Jaimini also offers courses in music therapy. Hippocrates, the Greek philosopher who pioneered the Western System of medicine, used music in the healing process. The healing effects of music therapy have been observed in plants, animals, and humans. Jaimini has brought relief to students suffering from stress, insomnia and various mental and physical ailments.
Gopal Kamal Vatsa Upadhyaya
Gopal is professional musician and teacher of percussion instruments including mridanga, tabla, dholak and djambe. He holds a Masters Degree in Music from Banaras Hindu University. Gopal studied under Dr. Uddhav in Banaras and has performed over 150 live concerts in India and Asia. His teaching style merges the theoretical and practical understanding of percussion.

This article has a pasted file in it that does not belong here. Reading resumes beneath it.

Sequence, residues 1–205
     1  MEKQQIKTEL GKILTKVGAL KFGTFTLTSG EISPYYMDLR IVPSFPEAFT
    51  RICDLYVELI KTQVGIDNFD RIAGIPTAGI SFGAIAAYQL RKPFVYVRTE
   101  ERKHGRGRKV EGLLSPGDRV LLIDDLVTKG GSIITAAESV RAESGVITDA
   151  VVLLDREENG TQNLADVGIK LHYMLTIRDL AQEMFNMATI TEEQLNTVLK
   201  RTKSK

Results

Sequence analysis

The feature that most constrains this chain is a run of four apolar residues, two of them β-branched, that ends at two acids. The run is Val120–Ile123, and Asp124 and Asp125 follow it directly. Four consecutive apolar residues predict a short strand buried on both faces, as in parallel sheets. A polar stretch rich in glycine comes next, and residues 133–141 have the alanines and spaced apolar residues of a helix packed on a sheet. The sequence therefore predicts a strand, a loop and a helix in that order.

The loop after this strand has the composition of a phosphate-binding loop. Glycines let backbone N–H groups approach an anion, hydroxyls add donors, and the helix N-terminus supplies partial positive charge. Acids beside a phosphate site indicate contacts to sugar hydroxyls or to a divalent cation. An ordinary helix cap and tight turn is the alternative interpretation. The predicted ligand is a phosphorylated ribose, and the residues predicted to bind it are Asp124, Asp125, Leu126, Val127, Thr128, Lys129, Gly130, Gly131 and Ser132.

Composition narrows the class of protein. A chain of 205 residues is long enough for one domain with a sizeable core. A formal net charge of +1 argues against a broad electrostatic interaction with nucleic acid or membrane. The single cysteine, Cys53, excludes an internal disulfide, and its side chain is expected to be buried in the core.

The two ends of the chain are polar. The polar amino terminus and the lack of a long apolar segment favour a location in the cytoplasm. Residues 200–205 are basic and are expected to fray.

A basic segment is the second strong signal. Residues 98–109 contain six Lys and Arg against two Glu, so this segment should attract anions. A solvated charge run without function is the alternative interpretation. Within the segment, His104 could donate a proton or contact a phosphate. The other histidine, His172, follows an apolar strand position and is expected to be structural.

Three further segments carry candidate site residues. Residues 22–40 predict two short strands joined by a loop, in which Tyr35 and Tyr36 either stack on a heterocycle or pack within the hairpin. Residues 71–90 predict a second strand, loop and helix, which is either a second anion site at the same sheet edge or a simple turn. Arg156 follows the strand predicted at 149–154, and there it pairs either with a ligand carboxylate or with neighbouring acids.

Schoolchildren and Staff at the entrance of Jiva Institute
Children’s Project: Jiva Institute of Vaishnava Studies is committed to supporting the health of its community and children. The purpose of the Jiva Children’s Project is to provide nutritious meals and clean drinking water to the one hundred children living nearby the Institute who don’t have access to these basic services. Poverty and malnutrition affect over half the Indian population. Daily income of impoverished families is less than 2 US $ per day and these economic circumstances often prevent children from having an opportunity of living a healthy and happy life. While poverty and malnutrition are endemic in India and around the world, Jiva is committed to making a difference in its Vrindavan community to support the health and well-being of its children.